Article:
Anna Fenninger

Anna Fenninger clinches World Cup overall title

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Austrian Anna Fenninger wrapped up her first World Cup overall title by finishing second in the World Cup Finals super-G in Lenzerheide, Switzerland, on Thursday.

Swiss Lara Gut delighted the flag-waving home crowd by winning the race and securing the super-G season title.

Gut crossed in 1 minute, 17.14 seconds. Fenninger was .61 behind, followed by last season’s overall champion, Tina Maze, at .95 back.

Fenninger, 24, is the youngest women’s World Cup overall winner since Lindsey Vonn won the second of her four titles in 2009.

She is also the first Austrian women’s winner since Nicole Hosp in 2007.

With countryman Marcel Hirscher likely to win the men’s title, it sets Austria up to be the first nation to sweep the men’s and women’s overall crystal globes since 2002.

Then, it was also Austria accomplishing the feat with Stephan Eberharter and Michaela Dorfmeister.

Fenninger, the Olympic super-G champion and giant slalom silver medalist, has been on a tear to close the season. She recorded her fourth podium finish in five starts since the Olympics on Thursday.

She overtook German Maria Hoefl-Riesch in overall points in Wednesday’s downhill after Hoefl-Riesch crashed and had to be helicoptered off the course. Hoefl-Riesch will not enter the final two races Saturday and Sunday.

It’s possible Hoefl-Riesch, 29, will retire after this season. Maze is 30. Vonn is 29 and coming off major surgery. The door may be open for Fenninger to be the overall star for years to come, though Mikaela Shiffrin may have something to say once she adds speed events.

Lenzerheide super-G
1. Lara Gut (SUI) 1:17.14
2. Anna Fenninger (AUT) 1:17.75
3. Tina Maze (SLO) 1:18.09
4. Nicole Schmidhofer (AUT) 1:18.22
5. Regina Sterz (AUT) 1:18.59
6. Nadia Fanchini (ITA) 1:18.73
7. Comelia Huetter (AUT) 1:19.00
8. Viktoria Rebensburg (GER) 1:19.21
9. Kajsa Kling (SWE) 1:19.22
10. Julia Mancuso (USA) 1:19.34
11. Stacey Cook (USA) 1:19.54

Final super-G standings
1. Lara Gut (SUI) — 448
2. Anna Fenninger (AUT) — 357
3. Tina Weirather (LIE) — 310
15. Julia Mancuso (USA) — 104
15. Stacey Cook (USA) — 104

Bode Miller makes super-G podium; Svindal concedes

Tommy Ford ends U.S. men’s World Cup drought at Beaver Creek

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Tommy Ford earned his first World Cup win at age 30 and ended the U.S. men’s longest victory and podium droughts in two decades.

Ford won the giant slalom in Beaver Creek, Colo., on Sunday, the last North American race on tour this season. He prevailed by eight tenths of a second combining times over two runs.

Full results are here.

Ford became the first U.S. man to win a World Cup since Travis Ganong took a downhill on Jan. 27, 2017. He also became the first U.S. male podium finisher since Ted Ligety in January 2018. Both were the longest droughts for the program since the late 1990s.

Ford, a 2010 and 2018 Olympian who missed the 2014 Olympics due to a broken femur, had been working toward this moment. He finished a World Cup career-high fourth at the season-opening giant slalom in Soelden, Austria, on Oct. 27. Last season, he had a pair of top-five results.

The men’s World Cup moves to Val d’Isere, France, next weekend for a giant slalom and slalom.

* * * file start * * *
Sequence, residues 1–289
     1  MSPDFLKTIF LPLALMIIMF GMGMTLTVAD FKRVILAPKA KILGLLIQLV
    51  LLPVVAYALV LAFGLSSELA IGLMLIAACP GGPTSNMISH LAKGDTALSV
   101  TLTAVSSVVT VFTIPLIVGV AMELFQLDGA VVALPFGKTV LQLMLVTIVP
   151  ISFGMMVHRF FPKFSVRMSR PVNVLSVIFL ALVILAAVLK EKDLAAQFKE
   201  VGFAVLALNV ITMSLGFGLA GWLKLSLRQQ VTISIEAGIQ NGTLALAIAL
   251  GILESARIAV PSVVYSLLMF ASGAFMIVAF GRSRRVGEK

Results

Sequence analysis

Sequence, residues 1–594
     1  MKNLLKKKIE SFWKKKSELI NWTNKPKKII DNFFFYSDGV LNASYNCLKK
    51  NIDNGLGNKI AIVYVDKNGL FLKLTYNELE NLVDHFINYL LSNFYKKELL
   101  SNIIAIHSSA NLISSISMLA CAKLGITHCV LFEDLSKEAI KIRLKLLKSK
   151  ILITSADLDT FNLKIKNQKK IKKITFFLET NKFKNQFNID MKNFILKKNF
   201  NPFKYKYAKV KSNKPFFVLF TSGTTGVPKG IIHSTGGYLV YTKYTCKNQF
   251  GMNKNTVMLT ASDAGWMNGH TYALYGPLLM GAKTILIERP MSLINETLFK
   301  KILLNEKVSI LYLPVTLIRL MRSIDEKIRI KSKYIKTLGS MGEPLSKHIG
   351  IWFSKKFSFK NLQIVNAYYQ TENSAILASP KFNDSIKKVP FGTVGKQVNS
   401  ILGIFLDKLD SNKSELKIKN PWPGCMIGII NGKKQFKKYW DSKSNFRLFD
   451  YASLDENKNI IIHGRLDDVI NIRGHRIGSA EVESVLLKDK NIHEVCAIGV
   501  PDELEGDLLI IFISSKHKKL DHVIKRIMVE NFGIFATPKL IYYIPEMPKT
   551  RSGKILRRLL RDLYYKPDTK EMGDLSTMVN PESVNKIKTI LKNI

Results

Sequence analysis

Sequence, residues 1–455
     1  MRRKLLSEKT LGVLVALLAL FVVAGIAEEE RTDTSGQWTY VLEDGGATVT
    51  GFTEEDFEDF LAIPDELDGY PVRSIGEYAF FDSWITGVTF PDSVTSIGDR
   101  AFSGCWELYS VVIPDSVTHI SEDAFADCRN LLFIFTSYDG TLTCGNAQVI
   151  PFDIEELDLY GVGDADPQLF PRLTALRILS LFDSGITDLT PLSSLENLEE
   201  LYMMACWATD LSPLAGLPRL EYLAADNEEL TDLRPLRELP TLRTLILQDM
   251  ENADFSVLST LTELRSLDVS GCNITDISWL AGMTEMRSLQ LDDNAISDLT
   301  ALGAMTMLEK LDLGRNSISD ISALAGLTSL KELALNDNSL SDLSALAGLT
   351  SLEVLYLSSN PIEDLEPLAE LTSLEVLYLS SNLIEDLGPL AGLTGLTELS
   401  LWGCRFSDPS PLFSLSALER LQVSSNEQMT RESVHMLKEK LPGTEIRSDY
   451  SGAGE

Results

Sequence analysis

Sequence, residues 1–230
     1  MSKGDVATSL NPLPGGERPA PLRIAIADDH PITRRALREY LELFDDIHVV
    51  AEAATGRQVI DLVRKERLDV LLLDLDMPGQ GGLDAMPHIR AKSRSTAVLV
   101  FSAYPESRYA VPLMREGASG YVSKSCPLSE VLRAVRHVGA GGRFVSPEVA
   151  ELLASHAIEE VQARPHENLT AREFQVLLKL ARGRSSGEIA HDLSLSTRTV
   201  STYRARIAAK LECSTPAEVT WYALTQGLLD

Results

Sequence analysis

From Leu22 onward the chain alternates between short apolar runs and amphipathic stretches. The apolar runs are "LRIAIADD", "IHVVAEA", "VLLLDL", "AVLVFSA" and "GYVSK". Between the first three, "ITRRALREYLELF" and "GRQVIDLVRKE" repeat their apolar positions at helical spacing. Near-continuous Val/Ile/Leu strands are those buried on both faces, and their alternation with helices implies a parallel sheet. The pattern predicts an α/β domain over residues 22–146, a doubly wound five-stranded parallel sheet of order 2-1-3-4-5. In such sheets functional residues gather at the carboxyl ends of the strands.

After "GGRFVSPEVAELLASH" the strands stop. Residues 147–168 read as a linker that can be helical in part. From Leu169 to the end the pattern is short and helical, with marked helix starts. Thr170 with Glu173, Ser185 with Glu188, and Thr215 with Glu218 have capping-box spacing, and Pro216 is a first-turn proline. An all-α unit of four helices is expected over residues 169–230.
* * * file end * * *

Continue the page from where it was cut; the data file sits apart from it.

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Katie Ledecky wins race by 30 seconds, takes back No. 1 ranking

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In her last race of the year, Katie Ledecky ensured she would finish 2019 as the world’s fastest 1500m freestyler.

Ledecky clocked 15:35.98 at the U.S. Open in Atlanta, winning the longest event on the Olympic pool program by 29.97 seconds. Typical for Ledecky, who owns the nine fastest times in history. This one came in at No. 8. Full meet results are here.

Ledecky scratched the 1500m free final at the summer world championships due to illness. Italian Simona Quadarella went on to win that title in 15:40.89, which was the world’s fastest time this year until Saturday night.

“I didn’t have time on my mind at all today. I just wanted to have a consistent swim,” Ledecky, undefeated in 1500m free finals for nine years, said on NBCSN. “That’s probably the best mile that I’ve had in a while.”

The women’s 1500m freestyle debuts at the Olympics in Tokyo. Ledecky is expected to add that to her Rio Olympic individual lineup of 200m, 400m and 800m frees, assuming she is top two in each event at the June Olympic trials.

In other events Saturday, Erika Brown handed Simone Manuel a rare defeat in the 100m freestyle. Brown, a University of Tennessee senior, clocked 53.42 and lowered her personal best by .71 between prelims and the final. Brown moved from sixth to fourth in the U.S. rankings this year, upping her stock as a contender to make the Olympic 4x100m free relay pool via a top-six finish at trials.

Brown previously lowered her personal best in the 50m free on Thursday. She ranks third in the U.S. this year in that event.

Emily Escobedo dealt Lilly King a rare domestic defeat in the 200m breaststroke. Escobedo lowered her personal best by .87 and clocked 2:22.00, moving to seventh fastest in the world this year and remaining fourth among Americans.

In the men’s 200m breast, Olympic champion Dmitriy Balandin of Kazakhstan was beaten by Cody Miller, the Olympic 100m breast silver medalist. Both were slower than their best times this year.

The next significant swim meet is a Tyr Pro Series stop in Knoxville, Tenn., from Jan. 16-19.

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